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Academy Award Winner Russell Crowe stars as Noah in the film inspired by the timeless story of courage, sacrifice and hope. Also starring Emma Watson and Academy Award® Winners Anthony Hopkins and Jennifer Connelly, this visually stunning, action-packed adventure from acclaimed director Darren Aronofsky (Black Swan) is hailed as “one of the most unforgettable Biblical epics ever put on film.” (Richard Roeper, Chicago-Sun-Times)
Rotten Tomatoes Movie Reviews
- Reviews Counted: 217
- Fresh: 167
- Rotten: 50
- Average Rating: 6.7/10
Top Critics' Reviews
Fresh: Darren Aronofsky's film about the Old Testament shipbuilder has been sparking controversy - but there's no denying that the Great Flood, digitized, is a pretty great flood.
Fresh: In a single sequence, Aronofsky combines creationism, Darwinian evolution, original sin, the end of days, and radical environmentalism.
Rotten: It's overlong and a times sluggish. The fights and battles, designed to give an epic fantasy feel to the movie, are grave miscalculations. And the overabundance of CGI often makes Noah look like a video game.
Fresh: It's a moving story. And the fact that [Aronofsky's] done his biblical homework makes it that much more so.
Waste of time and money
Not even what it percieved to be. Monster rocks - really! Not even like the bible except a man, boat & animals....very disappointed!
What a waste!
If I could give this movie less than 1 star, I would! It was a complete joke and had nothing to do with the real story of Noah. This was a story of Noah and a bunch of transformer rock things. There went 2 hours I can not get back, not to mention the $25.00 that I spent to see this crap. I would never watch this movie again, even if I was paid to do so.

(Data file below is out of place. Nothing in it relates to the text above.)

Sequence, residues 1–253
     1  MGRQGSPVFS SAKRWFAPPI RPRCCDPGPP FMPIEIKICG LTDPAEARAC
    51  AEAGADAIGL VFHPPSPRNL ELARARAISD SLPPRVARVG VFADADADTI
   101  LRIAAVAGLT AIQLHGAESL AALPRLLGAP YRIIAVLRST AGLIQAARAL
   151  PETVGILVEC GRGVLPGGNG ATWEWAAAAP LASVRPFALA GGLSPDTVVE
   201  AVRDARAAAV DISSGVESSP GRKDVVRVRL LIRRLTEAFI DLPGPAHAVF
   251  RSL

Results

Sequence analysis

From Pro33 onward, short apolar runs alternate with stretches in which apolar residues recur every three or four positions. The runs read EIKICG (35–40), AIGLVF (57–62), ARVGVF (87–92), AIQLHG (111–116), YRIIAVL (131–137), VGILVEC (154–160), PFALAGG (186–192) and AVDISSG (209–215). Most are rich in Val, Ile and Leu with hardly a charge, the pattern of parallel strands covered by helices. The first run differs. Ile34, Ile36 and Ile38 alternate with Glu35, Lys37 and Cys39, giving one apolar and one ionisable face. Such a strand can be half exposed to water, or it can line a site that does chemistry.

Interesting and Innovative
Aronofsky’s NOAH is interesting, innovative, thought provoking, odd, disturbing and sometimes bordering on brilliant. Unfortunately, those who were expecting a traditional, verse by verse, Sunday School representation will be disappointed. But for those who are willing to take a contemplative approach to the story this film presents much food for thought. We who grew up with the story of Noah like to see our biblical heroes as perfect and infallible. We like to think that Noah and his family were saved from the flood because they were “good" while those outside the ark died because they were “bad”. The Noah presented in this film is a good man but also very human and conflicted. He wants to be obedient to the task he’s been given but also realizes that he and his family are also tainted by the fall of man. Only the animals are truly innocent and deserve to survive the flood. This leads Noah to a series of disturbing choices that seriously affect his family and potentially the entire human race. Some of the questions to ponder within this film are...“How should mankind live within our world?”, “Who deserves to live and who deserves to die?”, “What is justice and should it always be implemented no matter the cost?”, “Is mercy, compassion and love greater than justice?”, “Do we always correctly interpret what we think God wants?” The animated sequence presented as Noah narrates the story of Creation to his family is one of the most beautiful things I’ve ever seen on film. My favorite character in the movie was Anthony Hopkins as Methuselah. He was awesome. Yes, Aronofsky’s NOAH is not what many people were expecting or hoping to see. Sometimes the story is a little odd and disturbing at times, but this is also a Noah you will not soon forget.
- Genre: Drama
- Released: 2014
- © 2014 Paramount Pictures Corporation and Regency Entertainment (USA), Inc. All Rights Reserved.